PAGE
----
FARI Archaeology

Photo:Summer 2005

Summer 2005

Richard Tyndall

Photo:Roman Wall

Roman Wall

Richard Tyndall

Sandhill Road Site

Archaeology Research and Investigations in the Newark Area

By Anne Coyne

Site Location Featured on Time Team's Big Roman Dig

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Farndon Sandhill Road site. Located in a private garden on Sandhill Road at Farndon near Newark in Notts.

Grid Ref SK 772523

Nature of fieldwork

The fieldwork consisted of a series of excavations investigating Roman-British rubbish pits cut into and making use of channels in a, now buried, river bank. In addition to the six trenches excavated, a series of geophysical surveys of the adjacent meadows were undertaken.

The first excavation was a clean up of sections in a garden pond being dug by the landowner. This was followed by five further excavations over 2 years looking at the nature and extent of both the Romano-British river bank and the waste whish had been deposited in the channels and pits.  

Two seasons of excavation were undertaken. The initial investigation and enlargement of the garden pond in April of 2005 was followed. By three further trenches in July of that same year. FARI Archaeology then returned to the site in 2006 to open two further trenches. All work on the site is now completed.

The field work was instigated to following the discovery of large quantities of Romano British pottery from a garden pond being dug at the site. Investigation in the records of the local museum found that another collection of pottery had been recovered by a previous landowner in the 1950s from a series of unrecorded holes across the garden. 

The site is located on a sand and gravel ridge which runs SW-NE above the flood plain of the river Trent. The edge of the ridge is today located at the foot of the garden closest to the river which lies some 100 yards to the north east.

The Roman fort of Ad Pontem is located some 2000m south west of the site and a number of other locations in the village along the ridge have yielded pottery of a Romano-British date.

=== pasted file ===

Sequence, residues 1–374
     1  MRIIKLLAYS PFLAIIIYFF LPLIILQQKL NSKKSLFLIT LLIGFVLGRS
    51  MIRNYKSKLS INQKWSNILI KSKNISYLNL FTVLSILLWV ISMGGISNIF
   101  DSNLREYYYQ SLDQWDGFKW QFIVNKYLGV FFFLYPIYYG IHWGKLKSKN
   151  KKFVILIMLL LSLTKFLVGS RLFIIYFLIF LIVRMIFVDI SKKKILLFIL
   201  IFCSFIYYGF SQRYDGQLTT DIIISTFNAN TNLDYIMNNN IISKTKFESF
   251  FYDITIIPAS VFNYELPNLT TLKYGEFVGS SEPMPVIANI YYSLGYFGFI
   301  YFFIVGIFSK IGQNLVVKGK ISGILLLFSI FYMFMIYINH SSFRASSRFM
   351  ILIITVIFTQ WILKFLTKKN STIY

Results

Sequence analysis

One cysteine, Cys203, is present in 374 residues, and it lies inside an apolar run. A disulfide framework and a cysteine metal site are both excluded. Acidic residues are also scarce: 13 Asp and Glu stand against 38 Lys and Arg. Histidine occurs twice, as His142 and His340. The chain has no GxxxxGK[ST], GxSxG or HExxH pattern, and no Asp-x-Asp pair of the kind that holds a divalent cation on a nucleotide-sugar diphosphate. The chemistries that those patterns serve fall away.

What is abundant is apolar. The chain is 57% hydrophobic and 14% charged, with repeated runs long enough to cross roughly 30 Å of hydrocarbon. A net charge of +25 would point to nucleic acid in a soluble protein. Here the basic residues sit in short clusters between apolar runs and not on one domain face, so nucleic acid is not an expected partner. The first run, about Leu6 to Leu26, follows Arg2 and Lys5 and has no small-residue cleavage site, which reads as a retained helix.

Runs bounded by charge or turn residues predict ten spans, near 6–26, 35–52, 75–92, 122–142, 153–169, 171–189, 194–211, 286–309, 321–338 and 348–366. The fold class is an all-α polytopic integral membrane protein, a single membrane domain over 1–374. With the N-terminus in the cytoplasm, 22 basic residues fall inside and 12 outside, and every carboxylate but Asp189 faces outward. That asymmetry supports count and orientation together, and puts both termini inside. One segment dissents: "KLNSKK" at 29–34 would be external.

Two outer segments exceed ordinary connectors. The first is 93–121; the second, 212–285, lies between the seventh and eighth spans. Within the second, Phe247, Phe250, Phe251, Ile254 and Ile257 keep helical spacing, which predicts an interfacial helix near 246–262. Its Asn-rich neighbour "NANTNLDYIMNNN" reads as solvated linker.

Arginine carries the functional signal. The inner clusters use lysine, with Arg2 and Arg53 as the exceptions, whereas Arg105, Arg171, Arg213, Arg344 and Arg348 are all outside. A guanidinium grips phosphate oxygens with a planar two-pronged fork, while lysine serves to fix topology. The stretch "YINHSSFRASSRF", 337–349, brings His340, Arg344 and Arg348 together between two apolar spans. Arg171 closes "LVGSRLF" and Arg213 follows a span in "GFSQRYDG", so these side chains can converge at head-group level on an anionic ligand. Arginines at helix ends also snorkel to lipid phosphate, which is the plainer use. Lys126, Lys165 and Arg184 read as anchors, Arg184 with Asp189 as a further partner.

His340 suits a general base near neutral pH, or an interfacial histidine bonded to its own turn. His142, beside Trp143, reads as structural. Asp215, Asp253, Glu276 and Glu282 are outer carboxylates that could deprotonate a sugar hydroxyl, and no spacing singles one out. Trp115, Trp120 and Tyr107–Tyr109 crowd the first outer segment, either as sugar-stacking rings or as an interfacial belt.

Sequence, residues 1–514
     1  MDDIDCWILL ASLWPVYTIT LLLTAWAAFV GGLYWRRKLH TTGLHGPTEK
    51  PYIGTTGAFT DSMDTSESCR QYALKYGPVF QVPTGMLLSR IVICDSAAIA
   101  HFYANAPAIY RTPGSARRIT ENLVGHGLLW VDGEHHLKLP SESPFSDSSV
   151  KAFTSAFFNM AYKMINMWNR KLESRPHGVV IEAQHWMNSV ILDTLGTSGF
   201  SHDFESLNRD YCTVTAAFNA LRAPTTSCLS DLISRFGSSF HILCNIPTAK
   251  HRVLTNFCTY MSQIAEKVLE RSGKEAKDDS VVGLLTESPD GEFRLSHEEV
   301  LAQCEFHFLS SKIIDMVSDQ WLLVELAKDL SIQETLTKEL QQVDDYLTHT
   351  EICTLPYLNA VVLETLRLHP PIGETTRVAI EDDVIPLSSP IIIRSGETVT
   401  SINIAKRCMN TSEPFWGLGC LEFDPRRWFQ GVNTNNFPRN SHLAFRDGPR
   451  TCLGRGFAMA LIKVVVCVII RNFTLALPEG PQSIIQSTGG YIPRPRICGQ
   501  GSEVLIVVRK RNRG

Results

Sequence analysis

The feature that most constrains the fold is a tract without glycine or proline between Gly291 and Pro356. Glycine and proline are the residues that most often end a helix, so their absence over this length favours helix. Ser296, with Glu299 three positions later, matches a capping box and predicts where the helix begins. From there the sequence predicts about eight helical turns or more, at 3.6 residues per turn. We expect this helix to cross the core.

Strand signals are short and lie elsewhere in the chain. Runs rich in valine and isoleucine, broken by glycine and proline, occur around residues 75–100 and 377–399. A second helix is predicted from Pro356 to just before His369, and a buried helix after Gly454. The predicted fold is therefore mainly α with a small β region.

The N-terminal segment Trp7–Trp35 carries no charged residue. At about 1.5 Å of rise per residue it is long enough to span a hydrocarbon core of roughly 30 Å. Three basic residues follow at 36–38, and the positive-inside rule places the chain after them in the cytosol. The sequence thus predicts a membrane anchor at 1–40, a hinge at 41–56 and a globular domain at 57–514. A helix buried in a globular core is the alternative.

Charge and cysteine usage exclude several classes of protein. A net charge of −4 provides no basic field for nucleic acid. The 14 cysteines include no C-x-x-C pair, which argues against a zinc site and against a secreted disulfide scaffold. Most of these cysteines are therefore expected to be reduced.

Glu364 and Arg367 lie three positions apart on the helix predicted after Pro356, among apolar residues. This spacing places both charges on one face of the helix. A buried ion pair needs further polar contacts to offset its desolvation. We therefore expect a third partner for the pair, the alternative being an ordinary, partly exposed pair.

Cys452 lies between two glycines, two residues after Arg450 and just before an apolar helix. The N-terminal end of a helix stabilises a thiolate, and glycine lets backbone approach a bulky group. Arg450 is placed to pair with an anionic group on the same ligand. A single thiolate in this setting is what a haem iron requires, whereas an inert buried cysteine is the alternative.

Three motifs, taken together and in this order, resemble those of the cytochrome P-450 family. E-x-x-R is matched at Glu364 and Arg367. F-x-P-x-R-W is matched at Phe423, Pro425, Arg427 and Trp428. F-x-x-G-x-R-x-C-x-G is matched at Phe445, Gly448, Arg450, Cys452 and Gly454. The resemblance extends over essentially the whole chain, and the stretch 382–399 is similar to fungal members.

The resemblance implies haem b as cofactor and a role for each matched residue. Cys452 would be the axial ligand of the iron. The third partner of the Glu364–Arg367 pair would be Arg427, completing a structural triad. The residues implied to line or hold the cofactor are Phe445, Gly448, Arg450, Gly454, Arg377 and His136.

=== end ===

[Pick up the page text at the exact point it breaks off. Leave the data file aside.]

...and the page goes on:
The church of St Peters dates to the late Saxon period but is the only building older than 18th century left standing in the village.

The site itself is a private garden attached on a housing estate built in the 1950s. Prior to this is was open meadow land.

Results of fieldwork

A series of excavations delineated the extent of the sand ridge and the approximate edge of the river bank in the Romano-British period. They revealed a large natural stream cut through the sand bank and there was some slight evidence of this having been widened or deepened during the Romano-British period. 

  • The Romano British deposits consisted of dark, organic-rich silts and clays containing burnt material, ash, horse and cattle bones, numerous sherds of pottery and rare metallic items including hobnails. There were also occasional worked stones and a number of tegulae. The pottery was analysed by Ruth Leary who found that apart from a small amount of late Iron Age, it consisted almost entirely of mid to late 4th century material, overwhelmingly local fabrics from the Swanpool kiln at Lincoln. There were also at least two Oxford red colour coated bowls and occasional sherds of Nene Valley ware. A single coin dating to the reign of Valentinian (364-375AD) was also found. 


  • The Romano British material overflowed the stream channel and formed a layer of between 80 and 150mm deep across the surface of the sand bank. Within this horizon a compact clay floor measuring 2m by 1.5m was uncovered and, in a separate context but still within the Romano British horizon, a short section of rough walling, perhaps a retaining wall running sub parallel to the edge of the bank. This wall is both within and overlain by the midden material and whatever structure it originally represented apparently ceased to be used before the end of the Romano-British period.


  • Overlying the Romano British material across the whole site was a 150mm to 300mm thickness of wind blown sand. A few sherds of 13th – 14th century green glazed pottery were found very close to the top of this context but it was otherwise barren of finds. 


  • The site appears to consist of a Romano British midden utilising a pre-existing stream channel cutting a sand bank at the edge of the River Trent. There is some evidence of digging within the stream channel but the purpose of this is not clear. Pottery finds would indicate that the settlement providing the material for the waste pit was not of a particularly high status. The presence of the clay floor and the short section of wall both within the overflow of the Romano British material indicate some form of structure in the upper part of the midden although there is insufficient evidence to indicate what form this might have taken.


  • It is apparent that the site ceased to be used by the end of the Romano-British period and the wind blown sand horizon which overlies the occupation layers represents an extended period of abandonment probably until at least the 13th or 14th centuries.


This page was added by Anne Coyne on 07/12/2010.

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